Sprawl Hits the Wall: Confronting the Realities of Metropolitan Los Angeles

March 1, 2001


For more than a century, Los Angeles has been regarded as an exception to the rules governing American urban growth. Starting out as a region with little or no apparent urban potential, Southern California has grown with remarkable speed into one of the world’s most important metropolitan areas. At the beginning of the 21st Century, the region faces new challenges that inevitably accompany emergence from a short, turbulent metropolitan adolescence. These challenges require a new way of seeing ourselves and our city-region, and fresh ways of working together to confront them.

The Los Angeles metropolitan region originally emerged as a series of decentralized and self-contained towns, each with
its own complement of housing, jobs, and shopping. The outlying counties grew to prominence by deliberately establishing
identities separate from Los Angeles proper. The region’s almost 200 individual cities likewise sought to serve their residents by
viewing themselves locally, even parochially, rather than as part of some larger whole.

Historically, then, the entire region was
built on a kind of “suburban” assumption: that individuals and communities could best thrive by creating multiple, discrete
centers of political, economic and social life, rather than focusing on a single dominant core (as happened in most other
American cities).

These assumptions no longer hold true. All indicators suggest that the suburban idyll in metropolitan Los Angeles is long
past. New communities are still being built on the metropolitan fringe, but little land or natural resources remain for more
outward expansion. Most people live in existing urban areas that are aging rapidly and densifying. Many neighborhoods, old and
new, are quickly stratifying in ways that increase the separation of affluent and poor residents. And as previously separate
communities abut and coalesce, the need for collaborative political approaches to the problems of an emerging world city
becomes paramount.

In 1998, the Southern California Studies Center of the University of Southern California began a two-year investigation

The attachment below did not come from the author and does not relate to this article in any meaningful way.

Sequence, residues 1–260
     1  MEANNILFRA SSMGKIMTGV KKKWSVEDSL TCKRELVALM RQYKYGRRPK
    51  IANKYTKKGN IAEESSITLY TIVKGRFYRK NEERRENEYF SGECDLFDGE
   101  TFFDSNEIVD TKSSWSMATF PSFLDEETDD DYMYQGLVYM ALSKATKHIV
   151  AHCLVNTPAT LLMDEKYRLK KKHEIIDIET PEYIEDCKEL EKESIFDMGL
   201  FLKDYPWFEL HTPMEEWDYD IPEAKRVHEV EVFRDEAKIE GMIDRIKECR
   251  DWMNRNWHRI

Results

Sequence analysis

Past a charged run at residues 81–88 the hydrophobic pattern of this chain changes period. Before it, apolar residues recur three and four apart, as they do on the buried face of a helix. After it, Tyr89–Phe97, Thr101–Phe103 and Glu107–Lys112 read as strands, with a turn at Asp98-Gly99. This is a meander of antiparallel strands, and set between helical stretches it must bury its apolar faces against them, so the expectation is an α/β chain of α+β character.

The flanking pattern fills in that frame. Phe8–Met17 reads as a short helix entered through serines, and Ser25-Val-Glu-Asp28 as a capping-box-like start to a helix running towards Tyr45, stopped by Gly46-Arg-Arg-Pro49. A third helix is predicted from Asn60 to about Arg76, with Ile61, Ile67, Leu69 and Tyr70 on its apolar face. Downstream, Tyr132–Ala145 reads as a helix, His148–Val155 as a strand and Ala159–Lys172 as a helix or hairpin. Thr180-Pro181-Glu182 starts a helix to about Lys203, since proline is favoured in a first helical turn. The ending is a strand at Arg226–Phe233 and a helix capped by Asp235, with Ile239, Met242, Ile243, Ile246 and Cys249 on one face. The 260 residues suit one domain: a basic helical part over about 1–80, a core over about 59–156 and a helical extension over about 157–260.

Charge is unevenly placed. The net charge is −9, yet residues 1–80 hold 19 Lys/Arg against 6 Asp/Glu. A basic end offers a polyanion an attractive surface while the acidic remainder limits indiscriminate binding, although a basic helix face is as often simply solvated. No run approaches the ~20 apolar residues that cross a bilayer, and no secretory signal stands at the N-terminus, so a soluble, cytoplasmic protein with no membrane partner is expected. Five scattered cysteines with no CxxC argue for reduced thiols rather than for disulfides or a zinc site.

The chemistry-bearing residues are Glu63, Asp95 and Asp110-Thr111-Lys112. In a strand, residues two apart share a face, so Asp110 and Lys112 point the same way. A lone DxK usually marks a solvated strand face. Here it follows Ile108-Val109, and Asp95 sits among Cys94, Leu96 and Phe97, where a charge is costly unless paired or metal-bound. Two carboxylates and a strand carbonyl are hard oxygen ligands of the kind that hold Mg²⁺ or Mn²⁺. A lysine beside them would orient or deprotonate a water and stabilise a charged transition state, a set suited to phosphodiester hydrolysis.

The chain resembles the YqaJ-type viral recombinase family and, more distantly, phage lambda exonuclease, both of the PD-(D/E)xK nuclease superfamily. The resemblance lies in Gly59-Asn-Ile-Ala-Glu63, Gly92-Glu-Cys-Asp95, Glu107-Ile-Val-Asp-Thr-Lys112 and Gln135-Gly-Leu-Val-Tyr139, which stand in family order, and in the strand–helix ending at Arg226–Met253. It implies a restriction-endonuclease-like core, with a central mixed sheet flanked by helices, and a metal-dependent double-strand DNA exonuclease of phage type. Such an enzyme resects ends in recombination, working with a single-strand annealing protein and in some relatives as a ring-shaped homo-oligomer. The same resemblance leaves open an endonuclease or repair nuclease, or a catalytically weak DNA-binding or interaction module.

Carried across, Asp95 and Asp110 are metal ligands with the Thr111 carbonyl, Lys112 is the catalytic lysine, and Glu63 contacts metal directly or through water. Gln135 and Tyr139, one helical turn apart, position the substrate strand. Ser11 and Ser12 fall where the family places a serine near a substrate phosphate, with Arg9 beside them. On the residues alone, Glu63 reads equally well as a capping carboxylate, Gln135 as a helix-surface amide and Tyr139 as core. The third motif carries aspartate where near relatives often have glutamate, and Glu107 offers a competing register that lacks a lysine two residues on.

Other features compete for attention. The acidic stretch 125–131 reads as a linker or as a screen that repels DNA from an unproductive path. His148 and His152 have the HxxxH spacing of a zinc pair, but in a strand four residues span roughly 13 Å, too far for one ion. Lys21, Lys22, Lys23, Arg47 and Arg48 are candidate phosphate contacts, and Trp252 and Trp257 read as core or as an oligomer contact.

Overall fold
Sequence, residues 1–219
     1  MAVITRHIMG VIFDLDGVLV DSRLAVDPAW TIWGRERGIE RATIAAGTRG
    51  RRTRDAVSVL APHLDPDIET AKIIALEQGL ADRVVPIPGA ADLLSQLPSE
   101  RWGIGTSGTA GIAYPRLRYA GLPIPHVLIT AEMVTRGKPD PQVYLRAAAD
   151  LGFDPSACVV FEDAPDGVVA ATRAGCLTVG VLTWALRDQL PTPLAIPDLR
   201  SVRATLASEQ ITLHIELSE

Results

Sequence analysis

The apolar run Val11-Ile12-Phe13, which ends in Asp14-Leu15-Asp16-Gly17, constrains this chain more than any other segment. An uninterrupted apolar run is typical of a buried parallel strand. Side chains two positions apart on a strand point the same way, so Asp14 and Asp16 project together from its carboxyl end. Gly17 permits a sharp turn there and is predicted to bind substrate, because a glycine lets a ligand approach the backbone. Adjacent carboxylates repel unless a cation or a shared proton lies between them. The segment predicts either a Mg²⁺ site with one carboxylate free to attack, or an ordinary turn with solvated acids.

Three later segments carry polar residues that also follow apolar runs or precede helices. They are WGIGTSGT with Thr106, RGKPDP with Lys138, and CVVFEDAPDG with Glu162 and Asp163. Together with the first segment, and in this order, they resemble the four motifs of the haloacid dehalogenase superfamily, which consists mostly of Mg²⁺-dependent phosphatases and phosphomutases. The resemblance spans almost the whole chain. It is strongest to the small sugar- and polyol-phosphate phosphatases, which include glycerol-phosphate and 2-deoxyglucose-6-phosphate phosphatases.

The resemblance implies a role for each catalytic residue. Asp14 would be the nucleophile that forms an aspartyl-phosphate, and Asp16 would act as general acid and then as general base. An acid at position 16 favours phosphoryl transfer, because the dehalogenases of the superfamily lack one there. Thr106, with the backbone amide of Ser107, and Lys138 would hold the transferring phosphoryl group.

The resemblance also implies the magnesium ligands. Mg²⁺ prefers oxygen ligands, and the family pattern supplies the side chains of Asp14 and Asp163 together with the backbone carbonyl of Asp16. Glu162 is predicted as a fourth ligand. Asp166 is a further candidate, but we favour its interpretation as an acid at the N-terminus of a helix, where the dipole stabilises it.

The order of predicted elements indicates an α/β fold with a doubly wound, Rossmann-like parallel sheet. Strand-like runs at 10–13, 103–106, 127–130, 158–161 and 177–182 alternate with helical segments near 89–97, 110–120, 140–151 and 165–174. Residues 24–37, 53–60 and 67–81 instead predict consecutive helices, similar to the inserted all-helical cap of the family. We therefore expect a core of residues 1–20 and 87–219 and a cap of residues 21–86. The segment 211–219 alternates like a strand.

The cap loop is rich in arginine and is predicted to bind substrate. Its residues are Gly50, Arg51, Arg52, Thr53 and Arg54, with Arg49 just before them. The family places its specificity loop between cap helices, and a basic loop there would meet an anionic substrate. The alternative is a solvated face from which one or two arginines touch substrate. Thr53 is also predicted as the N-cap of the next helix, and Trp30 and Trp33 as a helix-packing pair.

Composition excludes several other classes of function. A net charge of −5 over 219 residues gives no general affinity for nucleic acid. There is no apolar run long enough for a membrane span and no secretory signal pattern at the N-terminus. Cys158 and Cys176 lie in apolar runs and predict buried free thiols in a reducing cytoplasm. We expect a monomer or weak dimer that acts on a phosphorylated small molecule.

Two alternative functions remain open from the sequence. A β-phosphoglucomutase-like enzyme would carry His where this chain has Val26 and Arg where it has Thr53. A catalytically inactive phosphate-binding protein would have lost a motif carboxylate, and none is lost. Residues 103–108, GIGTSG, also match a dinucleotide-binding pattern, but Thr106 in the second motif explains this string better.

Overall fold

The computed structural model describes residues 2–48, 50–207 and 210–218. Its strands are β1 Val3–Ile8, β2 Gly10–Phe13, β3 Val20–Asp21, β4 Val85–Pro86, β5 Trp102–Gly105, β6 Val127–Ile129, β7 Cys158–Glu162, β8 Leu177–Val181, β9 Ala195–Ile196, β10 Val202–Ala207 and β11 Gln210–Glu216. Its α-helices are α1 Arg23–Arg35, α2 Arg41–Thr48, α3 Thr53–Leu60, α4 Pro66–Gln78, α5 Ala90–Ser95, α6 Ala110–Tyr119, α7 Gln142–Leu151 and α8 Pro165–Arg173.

into the problems and opportunities facing the region. With generous support from The James Irvine Foundation, a group of
researchers and practitioners committed themselves to diagnosing the health of the region, and opening up a conversation
about our future.

As this work unfolded, we also entered into a collaboration with The Brookings Institution Center on Urban and Metropolitan
Policy, a national research organization committed to understanding and responding to the complex mix of issues that confront
cities and metropolitan areas. The Southern California Studies Center joined a nation-wide project with scholars from other major
cities, convened by Brookings, to examine the role of government policies in shaping metropolitan growth and development
trends. The findings in this report have been informed by that national network, and will be incorporated into a separate book
to be published by The Brookings Institution Press.

Our hope is that Sprawl Hits the Wall will contribute to emerging local, regional, and national debates about our urban
future. What happens in Los Angeles affects the turn of events throughout the world, just as global events have an impact
on LA’s neighborhoods. We must be careful to protect those qualities that for more than two centuries have made Southern
California the destination of choice for millions of immigrants; yet at the same time, we cannot afford to squander the
opportunities opening up to a world city of the 21st century. As a consequence, we face some tough challenges and choices,
which are spelled out very directly in this document. We need to grow smarter, grow together, grow greener, and grow more
civic-mindedly. This report spells out why these actions are necessary, and begins a conversation about how we may achieve
those goals.

Michael Dear
Southern California Studies Center
University of Southern California